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Accounting For Uncollectible Accounts [Bad Debt]



Businesses must expect to sustain some losses from uncollectible accounts and should therefore show on the balance sheet the net amount of accounts receivable, the amount expected to be collected, rather than the gross amount. The difference between the gross and net amounts represents the estimated uncollectible accounts, or bad debts“. These expenses are attributed to the year in which the sale is made, though they may be realized at a later date. Through this post, we are going to discuss: how to record uncollectible account [Bad Debt], how to compute (calculate) it and what to do if later on it’s become collectible.

There are two methods of recording uncollectible accounts; the “direct write-off method” and the “allowance method“.



Direct Write-Off Method

In small businesses, losses that arise from uncollectible accounts are recognized in the accounts in the period in which they become uncollectible. Under this method, when an account is deemed uncollectible, it is written off the books by a debit to the expense account, Bad Debt Expense, and a credit to the individual customer’s account and to the controlling account.

EXAMPLE: If Lie Dharma Inc.’s $300 account receivable, dated May 15, 200X, was deemed uncollectible in January of 20XX, the entry in 20XX would be:

[Debit]. Bad Debt Expense = $300
[Credit]. Accounts Receivable, Lie Dharma Inc. = $300


Allowance Method

As it is often discussed, one of the fundamentals of accounting is that revenue be matched with expenses in the same year [known as the “matching principle“]. Under the direct write-off method, the loss was not recorded until a year after the revenue had been recognized. The allowance method does not permit this!. The income statement for each period must include all losses and expenses related to the income earned in that period. Therefore, losses from uncollectible accounts should be deducted in the year in which the sale is made. Since it is impossible to predict which particular accounts will not be collected, an adjusting entry is made, usually at the end of the year.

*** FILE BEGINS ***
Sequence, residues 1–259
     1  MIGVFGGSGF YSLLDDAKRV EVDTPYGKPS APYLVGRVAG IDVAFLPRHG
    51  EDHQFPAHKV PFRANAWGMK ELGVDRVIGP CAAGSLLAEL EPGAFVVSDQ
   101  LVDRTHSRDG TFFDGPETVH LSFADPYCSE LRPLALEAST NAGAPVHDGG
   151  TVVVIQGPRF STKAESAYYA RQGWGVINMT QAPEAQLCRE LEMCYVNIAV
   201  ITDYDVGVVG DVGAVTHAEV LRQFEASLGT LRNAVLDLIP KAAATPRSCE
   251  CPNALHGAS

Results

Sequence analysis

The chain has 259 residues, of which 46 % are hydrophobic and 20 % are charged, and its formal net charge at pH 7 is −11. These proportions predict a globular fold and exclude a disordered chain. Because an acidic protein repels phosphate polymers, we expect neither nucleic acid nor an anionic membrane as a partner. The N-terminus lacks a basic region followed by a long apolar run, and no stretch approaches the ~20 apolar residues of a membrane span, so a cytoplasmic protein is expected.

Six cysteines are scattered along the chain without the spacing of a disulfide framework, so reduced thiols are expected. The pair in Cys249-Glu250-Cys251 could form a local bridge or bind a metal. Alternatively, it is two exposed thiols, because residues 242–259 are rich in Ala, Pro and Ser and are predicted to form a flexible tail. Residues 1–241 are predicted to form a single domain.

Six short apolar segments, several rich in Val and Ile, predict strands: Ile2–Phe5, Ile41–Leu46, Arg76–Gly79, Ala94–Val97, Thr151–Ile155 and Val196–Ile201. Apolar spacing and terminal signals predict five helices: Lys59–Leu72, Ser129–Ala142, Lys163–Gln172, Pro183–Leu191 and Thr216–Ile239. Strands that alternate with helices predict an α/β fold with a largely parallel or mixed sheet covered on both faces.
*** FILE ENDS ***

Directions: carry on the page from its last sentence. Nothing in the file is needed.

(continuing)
EXAMPLE: assume that in the first year of operation, a firm has estimated that $2,000 of accounts receivable will be uncollectible. The adjusting entry would be:

[Debit]. Bad Debt Expense = $2,000
[Credit]. Allowance for Bad Debt = $2,000


The credit balance of “Allowance for Bad Debt (contra asset)” appears on the balance sheet as a deduction from the total amount of Accounts Receivable:

Accounts Receivable $30,000
Less: Allowance for Bad Debt 2,000

Balance $28,000

The $28,000 will become the estimated realizable value of the accounts receivable at that date. The bad debt expense will appear as an operating expense in the income statement.


Computing Uncollectible Accounts

There are two generally accepted methods of calculating the amount of uncollectible accounts. One method is to use a flat percentage of the net sales for the year. The other method takes into consideration the ages of the individual accounts at the end of the fiscal year. Let’s go further to the details. Read on…


Percentage of Sales Method

Under the percentage of sales method, a fixed percentage of the total sales on account is taken.

EXAMPLE: If charge sales were $200,000 and experience has shown that approximately 1 percent of such sales will become uncollectible at a future date, the adjusting entry for the bad debt account would be:

[Debit]. Bad Debt Expense = $2,000
[Credit]. Allowance for Bad Debt = $2,000


The same amount is used whether or not there is a balance in the “Allowance for Bad Debt account“. However, if any substantial balance should accumulate in the allowance account, a change in the percentage figure would become appropriate.


Balance Sheet Method

Under the balance sheet method, every account is aged; that is, each item in the balance is related to the sale date. The further past due the account, the more probable it is that the customer is unwilling or unable to pay. A typical analysis is shown below:

Uncollectible Account Analysis

NOTE: The calculated allowance for uncollectible accounts ($1,800 above) is reconciled at the end of the year with the actual balance in the allowance account, and an adjusting entry is made. The amount of the adjusting entry must take into consideration the balance of the “Allowance for Bad Debt” account. The percentage of sales method does not follow this procedure.


Recovery of Uncollectible Accounts

If a written-off account is later collected in full or part (a recovery of bad debts), the write-off will be reversed for the amount received.

EXAMPLE: After his account has been written off, Mr. Lie Dharma Putra pays his account in full. The reversing entry to restore his account will be:

[Debit]. Accounts Receivable, Lie Dharma Putra = $600
[Credit]. Allowance for Bad Debt = $600


A separate entry will then be made in the cash receipts journal to record the collection, debiting Cash $600 and crediting Accounts Receivable, Lie Dharma Putra. If a partial collection was made, the reversing entry should be made for the amount recovered.

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